So, CPI inflation in the UK has reached a record high of 5.2% since CPI data began, matching the previous record of September 2008. This is now the 22nd month in a row that the Bank of England has missed its target - and not just by a little amount.
Whatever external forces the Bank of England blames for the overshoot, the bottom line is that for all of 2011 it has created more than double the inflation the government has asked it to. By any standards, that's an epic failure.
The credibility of the Bank is hanging by a thread. And what has been its response to missing its government-mandated inflation target for nearly two years? Its response has been to print more money -- and not just a small amount but an expansion of the UK's already bloated balance sheet by almost a third.
But is the Bank's failure to stick to the inflation target really a failure? My firm view is that the Bank of England has secretly given up on the 2% target and is actively trying to achieve annual inflation of around 5%-7%.
In doing so, its goal is to inflate away the UK's private and public debt by devaluing the pound. After all, if the Bank of England can hold CPI inflation at 7% for 10 years the value of the UK's debt will be cut in half.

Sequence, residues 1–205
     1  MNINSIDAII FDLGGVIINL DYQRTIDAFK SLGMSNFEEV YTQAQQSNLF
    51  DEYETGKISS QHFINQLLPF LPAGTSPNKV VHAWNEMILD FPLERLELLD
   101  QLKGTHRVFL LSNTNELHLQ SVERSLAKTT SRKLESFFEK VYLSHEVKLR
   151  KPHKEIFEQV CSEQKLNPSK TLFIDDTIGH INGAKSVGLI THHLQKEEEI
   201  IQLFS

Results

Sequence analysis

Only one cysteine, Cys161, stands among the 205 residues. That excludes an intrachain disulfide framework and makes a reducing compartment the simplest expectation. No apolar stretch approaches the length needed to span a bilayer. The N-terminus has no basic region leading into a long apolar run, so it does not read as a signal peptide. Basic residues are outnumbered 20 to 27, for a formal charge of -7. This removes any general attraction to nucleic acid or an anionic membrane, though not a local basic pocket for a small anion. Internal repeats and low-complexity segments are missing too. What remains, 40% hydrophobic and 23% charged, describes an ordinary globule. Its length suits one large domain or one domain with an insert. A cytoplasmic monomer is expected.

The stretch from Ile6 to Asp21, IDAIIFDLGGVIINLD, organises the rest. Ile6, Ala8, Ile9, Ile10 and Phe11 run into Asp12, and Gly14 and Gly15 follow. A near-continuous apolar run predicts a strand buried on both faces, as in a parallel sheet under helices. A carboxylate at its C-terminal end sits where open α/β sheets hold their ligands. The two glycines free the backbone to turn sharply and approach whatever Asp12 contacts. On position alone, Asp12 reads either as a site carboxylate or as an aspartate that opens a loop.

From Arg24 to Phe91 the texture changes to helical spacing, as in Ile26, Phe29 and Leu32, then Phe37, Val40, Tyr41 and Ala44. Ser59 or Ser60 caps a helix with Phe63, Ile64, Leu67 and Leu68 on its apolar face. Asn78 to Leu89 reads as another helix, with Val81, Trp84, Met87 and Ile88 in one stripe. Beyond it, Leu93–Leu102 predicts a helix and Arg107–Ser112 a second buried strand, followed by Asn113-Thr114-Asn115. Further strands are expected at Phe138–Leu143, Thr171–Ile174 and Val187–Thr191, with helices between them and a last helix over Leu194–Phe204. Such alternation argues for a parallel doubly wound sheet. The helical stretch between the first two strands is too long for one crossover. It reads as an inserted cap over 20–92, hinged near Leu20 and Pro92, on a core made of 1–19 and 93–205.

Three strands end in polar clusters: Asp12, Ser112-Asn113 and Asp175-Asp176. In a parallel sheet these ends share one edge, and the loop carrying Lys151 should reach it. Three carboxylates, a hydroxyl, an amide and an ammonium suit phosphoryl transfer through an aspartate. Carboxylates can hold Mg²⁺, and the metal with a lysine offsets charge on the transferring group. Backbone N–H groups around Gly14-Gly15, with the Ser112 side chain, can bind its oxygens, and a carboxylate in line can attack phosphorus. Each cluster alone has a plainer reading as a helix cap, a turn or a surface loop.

What puts this argument beyond doubt is the fact that, with the CPI more than double the target, the Bank has just printed another £75bn. However big the economic hole it is in, no rational policymaking entity would do that unless its agenda was to stimulate even more inflation.
As extreme as it sounds, this course of action isn't particularly new. In fact, devaluing money to liquidate debt has historically been used by governments to get out of debt problems rather than declare bankruptcy. It is essentially a way of getting other people (especially savers and those on fixed-incomes such as pensioners) to pay for the debts of others and the government without explicitly taxing them.
Indeed, inflation is simply tax by another word, but we are conditioned into thinking of it as an accident or just the way things are, rather than a deliberate tax that we can all see and measure.
All in all, we believe high inflation is the unstated but unequivocal strategy of the Bank of England to reduce the UK's deficit and bring our economy back from the brink.
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